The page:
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Christian Sinding (1856 – 1941)
Christian August Sinding was a Norwegian composer. He was born on January 11, 1856 into an artistically gifted family in Kongsberg, a small town near Oslo. His brother Otto was a painter, his brother Stephan a sculptor, and Christian’s musical talent was recognized at an early age. His first ambition was to become a professional violinist, and during his school years he took violin lessons from Gudbrand Böhn and instruction in music theory from L.M. Lindeman. In 1887 he went to the Leipzig conservatory, where he studied for 4 years, and where his teachers included Henry Schradiek in violin, and Carl Reinecke and Salomon Jadassohn in theory and composition. It was during this period that he found his voice as a composer.

Sinding’s first major works were the Piano Quintet in E minor. Op. 5, which was premiered in 1885, the Variations in E-flat minor for two pianos, Op. 2, premiered in 1886, the Piano Concerto in D-flat major, Op. 6 (1889), and the Symphony No. 1 in D minor, Op. 21, premiered in 1890. These works won Sinding a degree of fame both in Norway and abroad, and he was recognized as one of the important Norwegian composers, next to Edvard Grieg and Johan Svendsen. His music was however less nationalistic than that of his famous collegues, being influenced by Wagner and Liszt and remaining firmly rooted in the German romantic tradition. This caused his music to fall into neglect after his death. In recent times however, due to a revival of interest in romanticism, his star is rising again.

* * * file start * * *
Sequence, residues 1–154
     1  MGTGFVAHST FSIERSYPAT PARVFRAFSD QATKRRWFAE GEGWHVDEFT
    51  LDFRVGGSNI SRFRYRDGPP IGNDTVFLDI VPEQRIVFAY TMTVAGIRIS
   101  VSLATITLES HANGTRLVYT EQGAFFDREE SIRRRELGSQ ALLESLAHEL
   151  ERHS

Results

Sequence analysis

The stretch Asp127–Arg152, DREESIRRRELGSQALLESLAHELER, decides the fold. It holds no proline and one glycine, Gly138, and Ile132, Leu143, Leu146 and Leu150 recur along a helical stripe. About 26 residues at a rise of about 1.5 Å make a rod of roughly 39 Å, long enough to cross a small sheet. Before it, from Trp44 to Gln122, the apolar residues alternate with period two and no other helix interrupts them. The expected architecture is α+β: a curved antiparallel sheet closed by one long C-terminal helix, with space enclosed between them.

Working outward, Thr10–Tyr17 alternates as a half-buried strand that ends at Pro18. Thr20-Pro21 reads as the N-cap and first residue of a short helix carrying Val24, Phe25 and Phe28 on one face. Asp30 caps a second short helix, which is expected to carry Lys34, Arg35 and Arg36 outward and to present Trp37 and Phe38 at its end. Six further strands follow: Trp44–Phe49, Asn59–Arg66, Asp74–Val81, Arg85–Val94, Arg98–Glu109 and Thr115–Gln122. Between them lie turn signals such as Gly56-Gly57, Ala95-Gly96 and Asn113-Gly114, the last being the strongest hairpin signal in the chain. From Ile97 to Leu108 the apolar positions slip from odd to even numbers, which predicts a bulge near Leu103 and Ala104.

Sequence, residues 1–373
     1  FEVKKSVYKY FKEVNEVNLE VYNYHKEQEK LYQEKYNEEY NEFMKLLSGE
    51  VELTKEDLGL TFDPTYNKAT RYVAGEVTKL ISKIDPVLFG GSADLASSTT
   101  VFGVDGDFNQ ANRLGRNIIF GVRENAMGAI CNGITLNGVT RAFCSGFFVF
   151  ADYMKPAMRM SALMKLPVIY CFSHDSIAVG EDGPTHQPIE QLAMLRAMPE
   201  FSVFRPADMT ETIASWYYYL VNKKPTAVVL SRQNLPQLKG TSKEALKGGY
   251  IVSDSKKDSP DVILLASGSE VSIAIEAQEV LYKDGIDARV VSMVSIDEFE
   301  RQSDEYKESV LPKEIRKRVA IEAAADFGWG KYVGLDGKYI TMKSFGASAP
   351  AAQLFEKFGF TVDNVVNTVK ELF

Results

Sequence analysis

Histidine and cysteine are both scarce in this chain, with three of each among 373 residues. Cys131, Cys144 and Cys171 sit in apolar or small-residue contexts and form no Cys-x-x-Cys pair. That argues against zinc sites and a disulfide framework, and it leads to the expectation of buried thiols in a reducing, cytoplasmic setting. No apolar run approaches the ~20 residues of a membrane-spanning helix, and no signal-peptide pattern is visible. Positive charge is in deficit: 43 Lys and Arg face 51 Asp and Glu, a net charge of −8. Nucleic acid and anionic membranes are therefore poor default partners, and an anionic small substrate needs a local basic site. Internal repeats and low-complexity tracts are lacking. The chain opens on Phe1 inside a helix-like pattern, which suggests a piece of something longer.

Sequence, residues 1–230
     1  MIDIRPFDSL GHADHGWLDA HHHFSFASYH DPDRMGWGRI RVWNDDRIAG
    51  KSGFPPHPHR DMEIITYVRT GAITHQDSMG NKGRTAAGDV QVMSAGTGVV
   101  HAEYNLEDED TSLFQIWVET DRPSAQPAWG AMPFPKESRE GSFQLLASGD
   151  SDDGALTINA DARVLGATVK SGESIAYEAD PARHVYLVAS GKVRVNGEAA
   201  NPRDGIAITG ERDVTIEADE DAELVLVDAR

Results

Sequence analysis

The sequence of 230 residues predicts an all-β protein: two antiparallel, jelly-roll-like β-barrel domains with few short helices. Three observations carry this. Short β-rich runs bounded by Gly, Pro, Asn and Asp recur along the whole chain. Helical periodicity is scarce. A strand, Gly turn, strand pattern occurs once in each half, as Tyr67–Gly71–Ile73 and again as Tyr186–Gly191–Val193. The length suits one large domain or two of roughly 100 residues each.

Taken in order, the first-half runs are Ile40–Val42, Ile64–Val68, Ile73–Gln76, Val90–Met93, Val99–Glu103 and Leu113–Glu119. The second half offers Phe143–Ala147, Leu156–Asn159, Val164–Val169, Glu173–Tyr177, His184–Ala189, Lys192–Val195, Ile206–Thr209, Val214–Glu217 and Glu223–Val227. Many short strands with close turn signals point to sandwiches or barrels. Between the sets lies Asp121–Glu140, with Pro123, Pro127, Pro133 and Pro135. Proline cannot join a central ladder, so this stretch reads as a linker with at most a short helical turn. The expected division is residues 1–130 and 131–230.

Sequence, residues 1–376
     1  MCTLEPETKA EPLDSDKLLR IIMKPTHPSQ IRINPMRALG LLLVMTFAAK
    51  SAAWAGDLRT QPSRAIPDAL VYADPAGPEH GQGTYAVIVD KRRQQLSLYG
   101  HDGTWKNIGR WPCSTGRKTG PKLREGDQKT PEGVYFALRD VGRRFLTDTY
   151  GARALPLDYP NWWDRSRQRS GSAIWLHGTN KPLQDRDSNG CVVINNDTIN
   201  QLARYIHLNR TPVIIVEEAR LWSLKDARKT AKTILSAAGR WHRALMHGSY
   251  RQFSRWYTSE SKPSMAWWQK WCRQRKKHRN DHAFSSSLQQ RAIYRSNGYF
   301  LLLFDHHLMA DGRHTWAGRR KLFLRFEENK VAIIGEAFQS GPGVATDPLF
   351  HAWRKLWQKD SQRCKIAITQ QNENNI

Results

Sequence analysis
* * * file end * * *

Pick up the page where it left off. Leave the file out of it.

After 1880, Sinding received regular grants, as well as a stipend, from the Norwegian government. These, together with the regular income from his Leipzig publisher C.F. Peters, provided him with financial independence. In 1924 he was appointed professor of composition at the Eastman School of Music in Rochester, New York, a post which he held for only a couple of months. Sinding lived almost forty years in Germany, being closely associated with the German musical society. As an old man, he was sadly exploited by the Nazis in the political propaganda that was part and parcel of the German occupation of Norway. Christian Sinding died in Oslo on December 3, 1941.

Among his extended oeuvre of 132 works, we count four symphonies, a rhapsody, a piano concerto, three violin concertos, a large body chamber music, piano pieces, songs, cantatas and the opera Der Heilige Berg (The Holy Mountain, 1914). His symphonies and works for violin (for which he wrote well) and orchestra have regained considerable popularity in recent years.

Sinding composed relatively little for the piano. His Piano Concerto op. 6 and piano Sonata op. 91 are large-scale romantic works demanding a full-blooded pianism. It is however for his 6 pieces for piano op. 32 (1896) that he is best known. The third of these is the famous Frühlingsrauschen (Rustle of Spring) that has become a favourite of professional and amateur pianists alike, and one of the most popular recital pieces in all piano literature.


Recordings

Frühlingsrauschen